Superior Court Judge Grants SEIU’s Anti-Slapp Motion, Paves Way for NUHW to Pay Legal Fees
Oakland – In February, the National Union of Healthcare Workers (NUHW) with great public fanfare filed a lawsuit against the Service Employees International Union and five of its elected officers alleging the union had engaged in threats, intimidation, and assault.
There was just one problem, a California Superior Court Judge has ruled: NUHW had no evidence.
Judge Ronald E. Quidachay granted SEIU’s anti-SLAPP motion Friday, August 21 and dismissed NUHW’s lawsuit, ruling that the charges were really an attempt to squelch SEIU’s free speech.
An anti-SLAPP (Strategic Lawsuit Against Public Participation) motion permits defendants in a lawsuit to show that the plaintiffs are not really attempting to settle an issue of law, but are actually attempting to stop groups and individuals from speaking out.
“Plaintiffs have proffered no evidence, much less evidence that a jury could find to constitute ‘clear proof’ that Defendants even knew about, much less actually participated in or actually authorized, the allegedly unlawful acts that Plaintiffs ascribe to SEIU agents or employees,” Judge Quidachay wrote in his decision.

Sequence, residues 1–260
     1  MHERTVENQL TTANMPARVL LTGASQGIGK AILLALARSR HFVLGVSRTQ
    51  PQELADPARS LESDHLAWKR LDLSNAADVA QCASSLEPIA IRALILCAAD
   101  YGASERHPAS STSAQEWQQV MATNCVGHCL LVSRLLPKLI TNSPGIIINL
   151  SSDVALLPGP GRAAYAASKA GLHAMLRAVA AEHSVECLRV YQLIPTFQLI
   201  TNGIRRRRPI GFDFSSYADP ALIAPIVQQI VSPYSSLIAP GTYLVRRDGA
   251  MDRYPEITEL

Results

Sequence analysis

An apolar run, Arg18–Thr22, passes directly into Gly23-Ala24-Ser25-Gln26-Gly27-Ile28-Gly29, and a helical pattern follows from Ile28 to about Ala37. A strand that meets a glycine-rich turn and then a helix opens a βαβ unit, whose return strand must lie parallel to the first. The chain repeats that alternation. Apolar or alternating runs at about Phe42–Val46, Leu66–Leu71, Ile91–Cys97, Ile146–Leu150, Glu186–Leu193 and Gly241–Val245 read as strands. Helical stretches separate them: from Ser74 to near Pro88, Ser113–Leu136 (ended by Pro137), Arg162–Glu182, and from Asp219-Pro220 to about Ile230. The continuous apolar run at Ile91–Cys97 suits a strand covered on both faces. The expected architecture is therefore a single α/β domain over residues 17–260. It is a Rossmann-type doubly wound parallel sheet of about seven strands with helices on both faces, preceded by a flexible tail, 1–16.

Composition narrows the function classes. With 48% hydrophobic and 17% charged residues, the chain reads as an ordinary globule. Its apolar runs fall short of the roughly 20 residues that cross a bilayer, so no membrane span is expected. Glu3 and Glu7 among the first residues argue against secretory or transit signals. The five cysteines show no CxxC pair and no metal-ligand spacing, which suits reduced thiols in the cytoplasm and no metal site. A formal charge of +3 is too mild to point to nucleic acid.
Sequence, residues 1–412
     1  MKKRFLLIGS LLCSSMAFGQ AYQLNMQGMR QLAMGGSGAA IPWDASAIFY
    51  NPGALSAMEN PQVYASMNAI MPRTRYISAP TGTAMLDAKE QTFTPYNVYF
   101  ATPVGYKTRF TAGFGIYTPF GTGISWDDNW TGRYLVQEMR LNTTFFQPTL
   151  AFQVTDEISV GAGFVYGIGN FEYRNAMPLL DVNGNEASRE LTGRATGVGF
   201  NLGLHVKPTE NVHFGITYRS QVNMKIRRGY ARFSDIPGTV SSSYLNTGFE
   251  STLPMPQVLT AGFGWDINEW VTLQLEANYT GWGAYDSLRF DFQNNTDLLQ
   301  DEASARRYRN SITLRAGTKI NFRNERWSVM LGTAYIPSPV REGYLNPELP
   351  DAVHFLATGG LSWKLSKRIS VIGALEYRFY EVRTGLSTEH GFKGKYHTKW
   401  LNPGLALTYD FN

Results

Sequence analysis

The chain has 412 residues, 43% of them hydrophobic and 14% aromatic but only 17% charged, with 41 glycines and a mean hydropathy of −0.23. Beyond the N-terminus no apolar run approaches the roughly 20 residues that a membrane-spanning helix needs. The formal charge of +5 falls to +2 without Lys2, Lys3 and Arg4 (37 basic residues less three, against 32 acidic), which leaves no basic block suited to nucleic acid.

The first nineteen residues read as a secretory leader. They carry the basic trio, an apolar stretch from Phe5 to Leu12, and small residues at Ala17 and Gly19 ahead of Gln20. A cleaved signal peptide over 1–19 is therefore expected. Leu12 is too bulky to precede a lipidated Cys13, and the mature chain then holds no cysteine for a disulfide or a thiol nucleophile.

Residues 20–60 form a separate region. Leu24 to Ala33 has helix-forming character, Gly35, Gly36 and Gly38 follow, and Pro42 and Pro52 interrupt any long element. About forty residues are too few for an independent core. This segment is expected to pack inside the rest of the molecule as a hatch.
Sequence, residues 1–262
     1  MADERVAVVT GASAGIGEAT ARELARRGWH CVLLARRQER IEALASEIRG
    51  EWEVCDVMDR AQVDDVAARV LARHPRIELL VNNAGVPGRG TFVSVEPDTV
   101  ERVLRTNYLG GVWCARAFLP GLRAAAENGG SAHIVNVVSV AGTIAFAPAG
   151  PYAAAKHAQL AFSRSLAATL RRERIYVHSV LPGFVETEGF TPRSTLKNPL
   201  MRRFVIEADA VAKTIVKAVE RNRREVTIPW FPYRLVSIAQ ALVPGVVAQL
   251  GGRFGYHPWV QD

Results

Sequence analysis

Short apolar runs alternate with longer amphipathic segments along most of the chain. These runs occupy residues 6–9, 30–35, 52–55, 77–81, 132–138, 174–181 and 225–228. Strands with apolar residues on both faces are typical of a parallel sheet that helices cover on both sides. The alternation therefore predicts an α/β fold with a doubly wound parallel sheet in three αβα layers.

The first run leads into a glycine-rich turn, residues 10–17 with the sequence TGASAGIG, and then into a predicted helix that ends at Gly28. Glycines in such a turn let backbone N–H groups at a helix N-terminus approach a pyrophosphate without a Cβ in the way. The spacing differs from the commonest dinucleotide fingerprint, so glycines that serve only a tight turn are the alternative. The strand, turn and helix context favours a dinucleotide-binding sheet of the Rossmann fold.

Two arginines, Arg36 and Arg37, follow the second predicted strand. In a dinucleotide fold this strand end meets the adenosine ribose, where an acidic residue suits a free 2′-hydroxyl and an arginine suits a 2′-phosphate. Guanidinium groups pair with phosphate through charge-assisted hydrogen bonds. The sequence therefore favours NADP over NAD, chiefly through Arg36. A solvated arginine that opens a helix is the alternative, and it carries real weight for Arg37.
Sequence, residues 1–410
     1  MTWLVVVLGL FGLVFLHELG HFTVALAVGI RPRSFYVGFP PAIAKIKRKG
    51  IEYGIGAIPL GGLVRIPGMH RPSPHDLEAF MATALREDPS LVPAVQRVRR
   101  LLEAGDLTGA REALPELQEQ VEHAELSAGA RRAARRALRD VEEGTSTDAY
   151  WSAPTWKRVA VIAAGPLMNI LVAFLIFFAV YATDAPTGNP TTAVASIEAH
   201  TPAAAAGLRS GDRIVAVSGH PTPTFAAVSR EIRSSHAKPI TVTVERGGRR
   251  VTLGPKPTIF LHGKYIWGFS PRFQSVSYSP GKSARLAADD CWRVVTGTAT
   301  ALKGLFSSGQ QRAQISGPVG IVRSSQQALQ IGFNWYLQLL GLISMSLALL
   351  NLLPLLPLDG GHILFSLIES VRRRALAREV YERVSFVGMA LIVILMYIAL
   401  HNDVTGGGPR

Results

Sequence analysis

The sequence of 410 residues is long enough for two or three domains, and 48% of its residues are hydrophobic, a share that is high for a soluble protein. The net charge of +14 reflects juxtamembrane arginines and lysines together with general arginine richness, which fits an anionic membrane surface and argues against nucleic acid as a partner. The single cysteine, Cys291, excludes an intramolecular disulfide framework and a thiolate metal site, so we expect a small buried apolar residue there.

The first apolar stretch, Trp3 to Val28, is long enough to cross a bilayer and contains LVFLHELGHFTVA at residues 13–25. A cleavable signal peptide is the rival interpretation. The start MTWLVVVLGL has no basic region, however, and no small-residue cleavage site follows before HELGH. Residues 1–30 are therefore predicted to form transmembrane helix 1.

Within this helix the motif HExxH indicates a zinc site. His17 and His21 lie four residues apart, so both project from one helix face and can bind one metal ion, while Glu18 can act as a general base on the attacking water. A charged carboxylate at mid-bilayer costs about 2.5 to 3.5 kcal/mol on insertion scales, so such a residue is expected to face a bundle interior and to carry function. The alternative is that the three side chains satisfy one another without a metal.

Under the law, defendants in a lawsuit in which an anti-SLAPP motion is granted are entitled to collect attorney’s fees from the plaintiff, a course of action SEIU intends to pursue. San Francisco attorney Angela Alioto filed the lawsuit on behalf of NUHW.
“I guess when they realized they couldn’t win a debate with us, they figured the next best thing would be to use the courts to try and take away our free speech rights,” said Ella Henderson, a nutritional aide at Kaiser Vallejo. “The judge saw right through it.”